Sunday, December 20, 2015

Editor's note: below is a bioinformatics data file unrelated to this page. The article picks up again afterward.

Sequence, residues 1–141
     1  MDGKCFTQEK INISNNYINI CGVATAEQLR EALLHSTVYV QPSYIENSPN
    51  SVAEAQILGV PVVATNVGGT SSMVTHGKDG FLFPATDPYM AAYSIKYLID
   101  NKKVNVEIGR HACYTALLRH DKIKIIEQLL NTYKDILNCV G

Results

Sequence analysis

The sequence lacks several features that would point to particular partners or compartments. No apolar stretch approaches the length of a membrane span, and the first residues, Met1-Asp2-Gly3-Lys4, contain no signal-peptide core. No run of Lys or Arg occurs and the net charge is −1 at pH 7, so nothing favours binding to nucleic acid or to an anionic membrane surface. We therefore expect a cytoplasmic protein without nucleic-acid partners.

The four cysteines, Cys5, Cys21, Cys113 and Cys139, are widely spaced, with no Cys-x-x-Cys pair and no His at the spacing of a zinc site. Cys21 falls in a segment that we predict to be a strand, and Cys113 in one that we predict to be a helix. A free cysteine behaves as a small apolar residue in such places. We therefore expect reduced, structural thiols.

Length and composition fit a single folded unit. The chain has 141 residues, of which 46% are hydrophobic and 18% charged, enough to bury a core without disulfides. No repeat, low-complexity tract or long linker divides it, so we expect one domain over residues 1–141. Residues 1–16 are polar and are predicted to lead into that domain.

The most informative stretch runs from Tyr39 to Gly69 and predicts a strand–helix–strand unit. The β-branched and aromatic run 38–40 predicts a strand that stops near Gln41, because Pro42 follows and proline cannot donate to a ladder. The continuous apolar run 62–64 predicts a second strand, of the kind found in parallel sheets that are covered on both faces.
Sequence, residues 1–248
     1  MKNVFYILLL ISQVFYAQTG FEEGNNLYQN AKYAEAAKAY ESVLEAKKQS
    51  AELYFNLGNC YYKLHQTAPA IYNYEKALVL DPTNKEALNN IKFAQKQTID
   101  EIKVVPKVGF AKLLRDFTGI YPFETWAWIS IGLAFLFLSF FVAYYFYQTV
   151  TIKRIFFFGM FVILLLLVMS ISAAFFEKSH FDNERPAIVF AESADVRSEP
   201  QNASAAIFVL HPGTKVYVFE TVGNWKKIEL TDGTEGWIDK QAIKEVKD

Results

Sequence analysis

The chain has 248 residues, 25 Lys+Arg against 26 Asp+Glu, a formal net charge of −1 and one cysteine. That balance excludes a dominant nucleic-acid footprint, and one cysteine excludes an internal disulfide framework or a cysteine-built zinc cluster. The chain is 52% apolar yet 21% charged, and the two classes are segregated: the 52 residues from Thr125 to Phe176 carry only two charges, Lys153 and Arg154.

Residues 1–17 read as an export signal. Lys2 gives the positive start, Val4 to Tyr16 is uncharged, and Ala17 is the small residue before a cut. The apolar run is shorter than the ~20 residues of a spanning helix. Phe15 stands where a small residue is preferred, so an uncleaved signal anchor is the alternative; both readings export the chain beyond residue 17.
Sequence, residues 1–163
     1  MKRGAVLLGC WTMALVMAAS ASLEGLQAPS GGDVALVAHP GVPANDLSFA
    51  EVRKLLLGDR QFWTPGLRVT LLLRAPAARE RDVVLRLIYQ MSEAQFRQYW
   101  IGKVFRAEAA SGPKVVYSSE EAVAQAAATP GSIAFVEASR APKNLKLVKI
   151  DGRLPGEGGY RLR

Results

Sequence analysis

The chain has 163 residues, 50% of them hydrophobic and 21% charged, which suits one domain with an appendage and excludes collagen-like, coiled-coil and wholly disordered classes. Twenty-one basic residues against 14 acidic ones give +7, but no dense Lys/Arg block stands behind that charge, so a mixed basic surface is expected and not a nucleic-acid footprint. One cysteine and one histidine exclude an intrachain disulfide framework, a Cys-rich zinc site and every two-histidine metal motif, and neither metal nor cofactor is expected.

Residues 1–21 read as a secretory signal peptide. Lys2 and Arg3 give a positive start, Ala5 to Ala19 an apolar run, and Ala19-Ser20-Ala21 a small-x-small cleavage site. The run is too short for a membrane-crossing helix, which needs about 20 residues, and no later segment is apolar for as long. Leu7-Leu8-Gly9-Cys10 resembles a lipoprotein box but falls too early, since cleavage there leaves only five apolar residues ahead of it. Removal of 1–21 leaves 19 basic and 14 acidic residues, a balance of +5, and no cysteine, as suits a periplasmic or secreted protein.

December 21, 2015 The First Day of Winter Peace and Good, I have been in Rome all this past week at our General Definitory meeting. This time we have a whole series of reports about the canonical visits of the definitors to provinces that are preparing for their chapters. I gave my report on Kenya which I visited in October and November. It was very upbeat for things are going quite well there. We will continue to meet today and tomorrow (and possibly Wednesday if we don't finish things by then) for eight other reports from various jurisdictions. Then we will discuss whether we need to take any particular action upon the situation in those jurisdictions. The weather this past week has been quite cold, although not especially rainy. We continue to see heightened security everywhere we go. I was told that the major basilicas (St. Mary Major, the Lateran and St. Paul's outside the Walls) have all established metal detectors at their main entrances. I will be heading out of Rome on Christmas Day, first of all heading to London where I will overnight and then on to Ellicott City on Boxing Day. I have to fly this way because it is a frequent flyer ticket and you have to take what they give you. I have been listening to a Great Courses lecture on folk tales. The lecturer gives insight on how to determine whether a story was passed down orally or whether it was written down at a very early stage. This is very helpful for my scripture studies, for many of the stories in the Old and New Testament were probably oral for quite some time because someone actually copied them down. It gives me something to think about. I have finished the following: The Affair of the Corridor Express by Victor Whitechurch A young boy is summoned from his boarding school to meet his father in London. Along the way, he is accompanied by a teacher, but still mysteriously disappears on the train. Even though the train is fully searched and it had not stopped along the way, the boy is not found. A detective must sort out the clues to find out how the boy was taken and where he is being held. Now We Are Fine by David Sedaris This is a story both about a family vacation at the beach (extended family) and the death of one of their siblings by suicide. The suicide victim had always been a troubled soul. She had divorced herself from much of her family, and so her passing left more questions than answers. There is a bitter sweet edge to the story. The Bible: A Biography by Karen Armstrong This is an overview of the production of the Bible and its influence in the centuries since it was first produced. Overall the information given is good, but oddly the author spends a lot of time on the Kabbalah and its various interpretations, more than one would expect in a treatment that is supposed to cover over 3,000 years of material. Likewise, the treatment of Jewish interpretation seems to be much better documented than that of Christian interpretation. The book is worth reading, but it has its weaknesses. Final Analysis by Catherine Crier A psychologist is murdered in the guest house of his residence. His wife, with whom he is on the worst of relations, is the prime suspect. The three sons of the marriage testify at the trail, two against their mother and one in her favor. It turns out that the psychologist all but raped his wife when she came to him for counseling when she was a young woman. She appears to have a borderline personality. This family is the poster child case for dysfunctionality. The wife is tried for the murder and found guilty. Dream Acres by Steven Rinella This is a great short story of a shack that five men buy in Alaska. It is on a beautiful bay, but it really is not much more than a large shack with a large yard filled with tons of junk that had been dumped there for decades. Yet, there was something about the wilderness that surrounded it and the ability to fish in the bay and catch large fish that then became supper that made it all worthwhile. Have a good week and Merry Christmas! Shalom fr. Jude


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